This is also where Wolf Vishniac [wikipedia.org] tested the "Wolf Trap" that was to go to Mars on the Viking I lander. The sad tale of it's removal from the flight and his untimely death was chronicled by Carl Sagan in Cosmos [wikipedia.org].

      • Re: (Score:3, Insightful)

        by GloomE (695185)

        Life is incredibly durable, once it takes hold of a planet I find it hard to believe that anything short of a Venutian style "runaway greenhouse" will erase it.

        You assume that a "runaway greenhouse" is enough.
        That'd have to be a pretty fast change for life not to keep up.
        Nuke the site from orbit, it's the only way to be sure.

        • by Immerman (2627577)

          Nah, even a good old fashioned global thermonuclear saturation-bombing would only kill the surface life, and if Earth is any indication the vast bulk of the biosphere is actually bacterial chemovores living deep within the planet's crust, possibly even within the mantle. It seems like such life would be extraordinarily difficult to wipe out so long as the planet's core continued to give off heat, and would likely re-colonize the surface in short order unless it was completely inhospitable. Of course photo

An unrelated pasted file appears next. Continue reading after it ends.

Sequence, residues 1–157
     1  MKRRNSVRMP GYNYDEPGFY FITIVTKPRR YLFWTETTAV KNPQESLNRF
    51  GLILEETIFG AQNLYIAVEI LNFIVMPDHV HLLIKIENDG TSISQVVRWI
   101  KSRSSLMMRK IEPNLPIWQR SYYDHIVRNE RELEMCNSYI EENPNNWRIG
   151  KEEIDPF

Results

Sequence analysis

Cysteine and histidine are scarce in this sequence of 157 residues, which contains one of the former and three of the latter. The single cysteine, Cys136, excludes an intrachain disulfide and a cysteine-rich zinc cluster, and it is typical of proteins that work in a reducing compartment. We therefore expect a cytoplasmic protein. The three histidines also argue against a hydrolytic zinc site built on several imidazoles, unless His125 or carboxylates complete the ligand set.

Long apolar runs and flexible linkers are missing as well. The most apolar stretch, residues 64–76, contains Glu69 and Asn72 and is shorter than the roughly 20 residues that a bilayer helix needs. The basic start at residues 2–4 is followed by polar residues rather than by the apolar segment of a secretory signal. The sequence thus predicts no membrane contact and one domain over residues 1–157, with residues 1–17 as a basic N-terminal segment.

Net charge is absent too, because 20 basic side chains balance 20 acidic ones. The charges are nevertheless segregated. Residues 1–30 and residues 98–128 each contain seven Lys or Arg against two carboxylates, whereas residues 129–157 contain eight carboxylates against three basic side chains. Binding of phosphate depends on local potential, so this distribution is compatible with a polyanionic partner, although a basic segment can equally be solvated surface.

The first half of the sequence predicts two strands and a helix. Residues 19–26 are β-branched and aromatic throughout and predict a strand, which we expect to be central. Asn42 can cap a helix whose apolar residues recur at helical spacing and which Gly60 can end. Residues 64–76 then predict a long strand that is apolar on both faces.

• because no one was there to hear it. *sad face*

  • by Anonymous Coward
    It would be fun to write your name in that snow, as it were.
    • Re:Yellow snow! (Score:5, Informative)

      by wierd_w (1375923) on Wednesday June 20, 2012 @12:59AM (#40381101)

      Personally, I wouldn't try it, but if you like exposing your penis to pressures so low that the blood inside it boils, while also subjecting it to temperatures so low as to cause the urine to flash freeze before it can leave the urethra, be my guest.